Hospitable Indians and calm before the storm - Suneer Chowdhary column

2008 Sep 27 by DreamCricket

For all his worth as a good batsman, amazing fielder and a shrewd, tough-as-nails skipper of Australia, and a below-par coach of first South Australia and then India, Greg Chappell's credentials as a double 'o' seven-like spy should hardly hold ground.

For all his worth as a good batsman, amazing fielder and a shrewd, tough-as-nails skipper of Australia, and a below-par coach of first South Australia and then India, Greg Chappell's credentials as a double 'o' seven-like spy should hardly hold ground. And hence, one really needs to wonder about the rationale behind the hue and cry over the appointment of Chappell as the assistant coach to the Tim Nielsen in the Aussie team. After all, it was not so long ago that many an Australian cricketers had expressed surprise over his appointment as the coach of India. Some cricketers like Paul Wilson - of the 1998 tour of India fame - had even gone up to the extent of questioning Chappell's credentials as a coach, after a sorry time for the state side of South Australia. And here we are here making an ample mountain of a molehill of an issue that needs to be shrugged off as easily as VVS Laxman flicks anything off his legs to the boundary.

Yet, the conspiracy theories have already been laid as to how Chappell would now be in a position to pass over tips to the Aussie team on how to bowl at the Indian batsmen, or more importantly play Indian spinners of the likes of Harbhajan Singh and Anil Kumble. And how this would ensure that the Aussies come out trumps in the series. There couldn't be a bigger load of hogwash in this line of thinking. As Chappell has mentioned in the press conferences about the amusement over these theories, Ricky Ponting's travails against Indian spinners would have had ended by now, had it been as simple as that. Or Shane Warne would never have had 'nightmares of Sachin Tendulkar jumping down the track' and slamming him away, if by the same logic, he had spoken to any Indian ex-cricketer.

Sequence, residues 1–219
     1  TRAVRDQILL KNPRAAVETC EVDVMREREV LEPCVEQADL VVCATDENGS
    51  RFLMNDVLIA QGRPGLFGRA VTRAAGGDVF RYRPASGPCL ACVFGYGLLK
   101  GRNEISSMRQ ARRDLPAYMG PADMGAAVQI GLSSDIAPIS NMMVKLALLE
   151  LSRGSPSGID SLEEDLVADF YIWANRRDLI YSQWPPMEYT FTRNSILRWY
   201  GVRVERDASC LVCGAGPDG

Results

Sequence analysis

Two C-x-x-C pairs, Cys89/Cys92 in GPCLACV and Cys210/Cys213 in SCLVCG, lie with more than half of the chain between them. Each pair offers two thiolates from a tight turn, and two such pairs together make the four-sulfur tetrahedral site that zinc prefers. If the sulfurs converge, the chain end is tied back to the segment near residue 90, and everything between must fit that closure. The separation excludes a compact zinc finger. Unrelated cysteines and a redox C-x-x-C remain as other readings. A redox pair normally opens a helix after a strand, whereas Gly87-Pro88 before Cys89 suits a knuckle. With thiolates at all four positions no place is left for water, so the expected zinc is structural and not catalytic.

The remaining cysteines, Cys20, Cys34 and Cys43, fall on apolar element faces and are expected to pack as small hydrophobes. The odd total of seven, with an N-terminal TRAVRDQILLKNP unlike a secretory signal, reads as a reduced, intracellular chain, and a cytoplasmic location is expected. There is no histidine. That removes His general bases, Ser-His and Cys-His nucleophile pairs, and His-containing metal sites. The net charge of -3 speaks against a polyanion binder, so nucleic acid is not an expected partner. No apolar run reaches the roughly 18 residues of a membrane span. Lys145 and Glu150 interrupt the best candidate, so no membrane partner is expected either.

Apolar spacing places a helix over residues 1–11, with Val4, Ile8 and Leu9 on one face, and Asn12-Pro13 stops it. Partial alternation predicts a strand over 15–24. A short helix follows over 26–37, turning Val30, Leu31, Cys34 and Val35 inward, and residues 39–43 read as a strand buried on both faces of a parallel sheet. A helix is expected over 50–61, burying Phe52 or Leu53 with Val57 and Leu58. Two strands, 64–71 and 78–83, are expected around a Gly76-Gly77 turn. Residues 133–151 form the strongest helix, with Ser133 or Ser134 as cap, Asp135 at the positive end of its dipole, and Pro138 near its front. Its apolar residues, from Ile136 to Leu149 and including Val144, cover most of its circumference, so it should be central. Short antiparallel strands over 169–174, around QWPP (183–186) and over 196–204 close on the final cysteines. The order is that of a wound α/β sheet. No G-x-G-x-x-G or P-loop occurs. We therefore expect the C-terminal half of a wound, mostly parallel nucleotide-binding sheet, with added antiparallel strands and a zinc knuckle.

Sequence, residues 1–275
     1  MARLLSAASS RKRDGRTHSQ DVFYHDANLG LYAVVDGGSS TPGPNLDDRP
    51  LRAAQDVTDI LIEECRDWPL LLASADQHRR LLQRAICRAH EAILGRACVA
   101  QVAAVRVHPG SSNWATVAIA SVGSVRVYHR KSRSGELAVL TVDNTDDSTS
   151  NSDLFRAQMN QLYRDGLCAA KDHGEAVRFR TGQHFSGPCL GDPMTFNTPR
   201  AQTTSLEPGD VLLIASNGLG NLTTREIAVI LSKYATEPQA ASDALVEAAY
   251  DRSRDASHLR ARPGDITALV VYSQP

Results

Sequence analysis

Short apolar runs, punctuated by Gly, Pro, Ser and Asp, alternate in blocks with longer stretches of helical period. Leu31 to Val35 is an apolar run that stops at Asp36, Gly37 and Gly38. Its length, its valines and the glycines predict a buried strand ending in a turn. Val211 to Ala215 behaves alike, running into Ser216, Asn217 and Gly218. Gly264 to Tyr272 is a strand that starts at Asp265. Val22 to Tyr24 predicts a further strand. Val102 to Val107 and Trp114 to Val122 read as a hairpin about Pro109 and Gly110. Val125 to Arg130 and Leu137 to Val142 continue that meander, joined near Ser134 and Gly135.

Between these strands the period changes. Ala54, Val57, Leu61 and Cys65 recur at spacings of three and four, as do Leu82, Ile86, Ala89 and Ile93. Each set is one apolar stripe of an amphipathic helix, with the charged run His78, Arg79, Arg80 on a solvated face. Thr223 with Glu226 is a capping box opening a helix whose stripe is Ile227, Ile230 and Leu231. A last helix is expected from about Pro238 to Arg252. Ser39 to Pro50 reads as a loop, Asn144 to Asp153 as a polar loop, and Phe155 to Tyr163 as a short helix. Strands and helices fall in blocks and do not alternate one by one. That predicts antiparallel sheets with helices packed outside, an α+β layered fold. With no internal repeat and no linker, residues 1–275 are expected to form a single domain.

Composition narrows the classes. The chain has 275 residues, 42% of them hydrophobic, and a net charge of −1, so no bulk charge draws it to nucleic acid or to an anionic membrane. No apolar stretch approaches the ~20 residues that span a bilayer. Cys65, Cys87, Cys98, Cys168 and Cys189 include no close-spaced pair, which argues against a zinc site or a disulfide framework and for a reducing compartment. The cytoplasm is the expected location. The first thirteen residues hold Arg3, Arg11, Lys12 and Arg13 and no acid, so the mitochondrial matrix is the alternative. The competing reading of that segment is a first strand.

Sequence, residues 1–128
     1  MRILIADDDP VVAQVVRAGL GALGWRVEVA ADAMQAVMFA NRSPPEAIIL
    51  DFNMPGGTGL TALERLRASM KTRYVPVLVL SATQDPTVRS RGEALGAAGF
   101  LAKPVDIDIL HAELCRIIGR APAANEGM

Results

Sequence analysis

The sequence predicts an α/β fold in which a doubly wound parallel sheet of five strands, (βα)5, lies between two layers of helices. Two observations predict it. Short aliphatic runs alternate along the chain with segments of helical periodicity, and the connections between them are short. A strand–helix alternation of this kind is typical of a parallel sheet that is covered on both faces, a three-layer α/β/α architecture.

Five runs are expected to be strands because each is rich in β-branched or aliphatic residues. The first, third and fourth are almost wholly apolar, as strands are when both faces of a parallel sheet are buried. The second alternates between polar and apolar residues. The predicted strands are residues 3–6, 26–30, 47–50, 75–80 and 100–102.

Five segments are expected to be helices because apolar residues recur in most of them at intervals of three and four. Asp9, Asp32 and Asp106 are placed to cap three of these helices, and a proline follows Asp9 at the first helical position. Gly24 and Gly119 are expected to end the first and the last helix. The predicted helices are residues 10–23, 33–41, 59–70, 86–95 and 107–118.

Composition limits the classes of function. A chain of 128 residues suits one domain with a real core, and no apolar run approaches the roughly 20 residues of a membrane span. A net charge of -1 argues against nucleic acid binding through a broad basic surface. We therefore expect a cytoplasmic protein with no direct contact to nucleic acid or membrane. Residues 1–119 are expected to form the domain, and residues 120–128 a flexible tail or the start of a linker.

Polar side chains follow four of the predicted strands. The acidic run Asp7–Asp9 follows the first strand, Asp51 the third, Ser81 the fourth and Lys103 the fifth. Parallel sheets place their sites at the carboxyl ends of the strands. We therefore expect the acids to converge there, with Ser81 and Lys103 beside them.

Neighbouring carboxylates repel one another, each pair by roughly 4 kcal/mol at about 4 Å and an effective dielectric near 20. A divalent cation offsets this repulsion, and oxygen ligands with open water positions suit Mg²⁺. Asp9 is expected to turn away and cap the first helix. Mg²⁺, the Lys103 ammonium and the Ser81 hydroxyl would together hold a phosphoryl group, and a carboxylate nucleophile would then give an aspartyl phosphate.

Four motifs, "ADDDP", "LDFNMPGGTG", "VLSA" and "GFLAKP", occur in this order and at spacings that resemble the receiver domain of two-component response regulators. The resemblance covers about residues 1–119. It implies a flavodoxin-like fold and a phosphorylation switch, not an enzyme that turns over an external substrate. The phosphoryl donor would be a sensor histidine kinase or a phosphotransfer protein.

And one hopes that this issue has been restricted to a particular section of the media only, and not get seeped down to the Indian cricketers' mindset, because that would mean that the team could go into the series feeling a done in by the structure, and that is certainly not the case, in this day and age of the sport.

Having said that, the one area that the Indians could - and are - finding it a little tough in reconciling is the hospitality that has been meted out to the Australian team by the BCCI in general, and by one Mr. Lalit Modi in particular. For starters, the Aussies have been allowed the luxury of a couple of tour matches to fructify their preparation process to the fullest. And while this by itself is not that big an issue in itself, it does become one when looked through the prism of the previous Indian tours to Australia. In 2007-08, in the only tour game at the start of the series, only half a day was possible before inclement weather had its say, while 2003-04 had no such opulence for the visitors.

And then there have been instances of how foreign countries have refused net-bowlers of quality to the touring Indians, resulting in either over-bowling of the frontline Indian bowlers, or some of the batsmen having to face up to part-timers.